This stunning mass of water, holds stories that sound more stranger than fiction.

The lake sits on three point five hectares of land, surrounded by a forest and the area is now a national monument, protected by the National Heritage and Conservation Commission.

The lake is one of the three sunken lakes in Zambia made of limestone.

Government declared it a national monument in a statutory instrument issued in 1964.

The Lima speaking people of Chief Ngubeni inhabit this area.

The people believe that this lake is sacred and once one drowns, their bodies can never be recovered.

This is just one of those weird beliefs.

"People who drown here are never recovered. We have a recent case of a pupil who drowned and the body was never found. But people still risk, they swim often," said Mwewa, a local resident.

He claims that  according to local myths, the lake has no bottom and it is connected to oceans which makes it easy for bodies to swim away. 

This account of dead bodies not being recovered are shared by many.
Rodgers Kafupi, the caretaker
for Lake Kashiba

Rodgers Kafupi was born and raised here.

He is now 30 years old and is currently the caretaker of Lake Kashiba.

Rodgers recalls that in the past 10 years, three people, including a European tourist, have drowned in the lake and their bodies have never been found.

"It is very true that when you drown here your body wont be found. In the past 10 years, i know of a white man, a black man and a pupil who drowned two months ago, non of their bodies were recovered," said Mr Kafupi.

A few months ago, four pupils were swimming in this lake when one of them drowned.

Commandos from the Zambia Army were called in to help retrieve the body.

But the mission was abandoned after five days of searching and the body was not found.

"When i first came to Mpongwe a few years ago, i was told people who drown here are never recovered and i have proved it. Two months ago, a pupil from Mpongwe South Secondary School drowned here, we called in commandos to retrieve the body but they failed. They tried to measure the depth of the lake and it was averaging 100 meters," said Mpongwe District Commissioner Keith Maila.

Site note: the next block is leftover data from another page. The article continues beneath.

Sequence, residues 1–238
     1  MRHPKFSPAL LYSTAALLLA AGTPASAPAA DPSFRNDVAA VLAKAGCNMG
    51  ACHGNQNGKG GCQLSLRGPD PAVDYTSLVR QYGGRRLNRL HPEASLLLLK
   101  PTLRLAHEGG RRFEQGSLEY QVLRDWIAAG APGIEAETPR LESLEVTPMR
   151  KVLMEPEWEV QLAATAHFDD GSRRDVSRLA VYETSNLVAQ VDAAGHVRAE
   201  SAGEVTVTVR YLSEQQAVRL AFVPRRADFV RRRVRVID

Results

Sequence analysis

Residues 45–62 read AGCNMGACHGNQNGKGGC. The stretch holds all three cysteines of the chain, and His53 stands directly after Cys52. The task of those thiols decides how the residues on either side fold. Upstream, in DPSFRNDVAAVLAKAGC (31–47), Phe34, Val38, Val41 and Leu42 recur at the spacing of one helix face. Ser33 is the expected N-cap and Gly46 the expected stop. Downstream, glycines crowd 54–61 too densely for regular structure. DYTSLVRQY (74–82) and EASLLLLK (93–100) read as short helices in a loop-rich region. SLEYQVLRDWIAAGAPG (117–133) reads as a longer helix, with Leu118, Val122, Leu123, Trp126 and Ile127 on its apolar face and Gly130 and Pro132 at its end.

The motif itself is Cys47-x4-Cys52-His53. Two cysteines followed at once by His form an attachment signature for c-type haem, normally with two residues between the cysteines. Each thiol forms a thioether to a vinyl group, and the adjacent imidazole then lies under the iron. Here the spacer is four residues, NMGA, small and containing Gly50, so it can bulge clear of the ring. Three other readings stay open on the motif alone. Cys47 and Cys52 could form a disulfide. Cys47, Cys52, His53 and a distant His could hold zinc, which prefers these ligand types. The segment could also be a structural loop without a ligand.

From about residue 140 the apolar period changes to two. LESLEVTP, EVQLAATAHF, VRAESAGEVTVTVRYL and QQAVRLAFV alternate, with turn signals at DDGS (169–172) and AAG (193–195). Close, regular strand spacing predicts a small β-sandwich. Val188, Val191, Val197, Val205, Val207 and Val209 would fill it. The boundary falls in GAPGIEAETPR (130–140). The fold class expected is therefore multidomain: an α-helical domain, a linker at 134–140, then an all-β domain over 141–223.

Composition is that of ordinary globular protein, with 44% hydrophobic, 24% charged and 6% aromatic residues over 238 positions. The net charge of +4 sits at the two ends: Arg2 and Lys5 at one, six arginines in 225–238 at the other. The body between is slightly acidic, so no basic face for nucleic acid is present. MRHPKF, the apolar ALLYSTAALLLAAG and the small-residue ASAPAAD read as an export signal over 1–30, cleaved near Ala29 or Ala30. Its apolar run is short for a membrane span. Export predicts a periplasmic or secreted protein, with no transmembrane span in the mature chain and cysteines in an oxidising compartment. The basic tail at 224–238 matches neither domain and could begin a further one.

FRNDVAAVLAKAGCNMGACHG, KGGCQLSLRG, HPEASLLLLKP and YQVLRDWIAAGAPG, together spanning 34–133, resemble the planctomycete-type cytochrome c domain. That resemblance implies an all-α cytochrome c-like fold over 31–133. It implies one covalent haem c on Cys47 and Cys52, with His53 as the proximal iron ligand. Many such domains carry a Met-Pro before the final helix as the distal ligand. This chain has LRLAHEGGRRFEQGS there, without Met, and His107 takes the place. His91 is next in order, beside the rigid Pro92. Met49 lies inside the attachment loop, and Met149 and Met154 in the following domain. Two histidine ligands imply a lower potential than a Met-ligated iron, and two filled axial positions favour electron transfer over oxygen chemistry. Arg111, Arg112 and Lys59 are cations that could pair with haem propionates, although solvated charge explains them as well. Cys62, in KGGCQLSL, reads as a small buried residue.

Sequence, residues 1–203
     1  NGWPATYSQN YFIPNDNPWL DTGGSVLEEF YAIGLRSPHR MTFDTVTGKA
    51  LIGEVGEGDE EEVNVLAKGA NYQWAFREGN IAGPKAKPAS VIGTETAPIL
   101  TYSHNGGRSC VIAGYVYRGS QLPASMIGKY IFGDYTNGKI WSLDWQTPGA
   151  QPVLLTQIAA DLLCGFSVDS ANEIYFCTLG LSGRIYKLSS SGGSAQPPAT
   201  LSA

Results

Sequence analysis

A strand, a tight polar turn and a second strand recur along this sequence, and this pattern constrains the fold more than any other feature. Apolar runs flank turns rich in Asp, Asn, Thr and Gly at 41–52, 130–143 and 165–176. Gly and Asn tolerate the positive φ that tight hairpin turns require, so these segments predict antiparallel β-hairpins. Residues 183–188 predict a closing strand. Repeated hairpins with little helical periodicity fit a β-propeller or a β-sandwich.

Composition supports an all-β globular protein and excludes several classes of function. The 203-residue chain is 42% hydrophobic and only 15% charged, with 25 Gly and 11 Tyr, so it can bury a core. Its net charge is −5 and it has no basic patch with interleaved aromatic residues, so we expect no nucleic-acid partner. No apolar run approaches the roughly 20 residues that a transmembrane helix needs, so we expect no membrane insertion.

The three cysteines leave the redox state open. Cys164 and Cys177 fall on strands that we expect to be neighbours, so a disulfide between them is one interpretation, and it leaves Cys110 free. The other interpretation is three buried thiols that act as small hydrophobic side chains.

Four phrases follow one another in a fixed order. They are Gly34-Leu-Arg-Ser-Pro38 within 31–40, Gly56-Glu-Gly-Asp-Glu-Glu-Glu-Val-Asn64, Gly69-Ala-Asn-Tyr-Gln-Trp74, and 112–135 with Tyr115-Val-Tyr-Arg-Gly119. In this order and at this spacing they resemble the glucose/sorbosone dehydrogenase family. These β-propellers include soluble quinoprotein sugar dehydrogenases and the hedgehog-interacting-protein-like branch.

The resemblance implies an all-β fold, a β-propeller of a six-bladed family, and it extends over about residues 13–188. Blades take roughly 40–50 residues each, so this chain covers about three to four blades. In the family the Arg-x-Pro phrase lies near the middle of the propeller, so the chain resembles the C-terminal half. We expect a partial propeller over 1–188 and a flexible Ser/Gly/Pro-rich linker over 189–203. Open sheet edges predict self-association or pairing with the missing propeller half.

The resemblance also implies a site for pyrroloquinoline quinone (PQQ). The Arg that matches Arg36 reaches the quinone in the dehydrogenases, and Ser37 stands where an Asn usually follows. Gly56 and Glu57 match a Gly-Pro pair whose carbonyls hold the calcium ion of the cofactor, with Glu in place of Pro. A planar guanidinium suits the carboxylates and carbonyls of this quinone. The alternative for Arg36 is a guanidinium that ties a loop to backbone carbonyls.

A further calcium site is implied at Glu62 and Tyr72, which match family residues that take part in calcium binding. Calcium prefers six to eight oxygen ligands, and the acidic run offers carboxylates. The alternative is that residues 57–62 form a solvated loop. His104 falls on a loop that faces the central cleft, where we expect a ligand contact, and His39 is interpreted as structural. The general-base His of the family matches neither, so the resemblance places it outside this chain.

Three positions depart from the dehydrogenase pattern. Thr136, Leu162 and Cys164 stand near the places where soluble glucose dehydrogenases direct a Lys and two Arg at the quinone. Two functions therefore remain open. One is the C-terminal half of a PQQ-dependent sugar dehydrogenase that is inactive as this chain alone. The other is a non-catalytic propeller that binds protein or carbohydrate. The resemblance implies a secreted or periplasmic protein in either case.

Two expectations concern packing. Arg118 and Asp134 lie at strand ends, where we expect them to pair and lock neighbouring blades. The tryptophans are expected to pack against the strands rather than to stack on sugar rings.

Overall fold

Even the common man in the area knows the myths surrounding the lake.

It is believed that the water level increases at night and recedes at dawn.

The Lima people also believe that when one throws any object in the water, that object will be found the following morning placed at one of the rocks on the eastern side of the lake.

"People believe that when you throw anything in the lake, you will find it on the rock. But since the Catholics did their prayers a few years ago, the spirits of have run away and those things no longer happen," said Mr Kafupi.

Due to its natural beauty, Lake Kashiba attracts a sizeable number of tourists especially over the weekend.

Evidence of this can be seen by the beer bottles and other drinks left littered around the lake.

The site has potential to be a major tourist attraction for Mpongwe.

A few years ago, the Council Guest House which was here was brought down on account of lack of business.
One of the sign posts at the lake


But what is the local authority doing to improve the site?

"We have plans to make the place more attractive. We want Zambians to appreciate the natural beauty the country has. Lake Kashiba has potential to earn us revenue and we are doing something about it," said Mpongwe Town Council Treasurer Israel Mukalipa.

A grass thatched hut is the only remaining infrastructure at Lake Kashiba.

The structure is what tourists and visitors use when they go there.

But more can be done by authorities.

"We are asking government to build a lodge here so that visitors can be spending nights here. We are also asking for an office for the National Heritage and Conservation Commission to take care of this place," said another resident

Lake Kashiba is located 28 kilometers west of Mpongwe boma in Saint Anthony area.

The road leading to the lake is gravel, but it has been graded to allow good passage for visitors.

People coming from Copperbelt towns for weekend braiis or picnics only need to drive for an hour or two from Luanshya, Ndola or Kitwe to get here.

The lake itself is accessible throughout the year though in the rain season, the nearby stream bursts its banks and floods the road.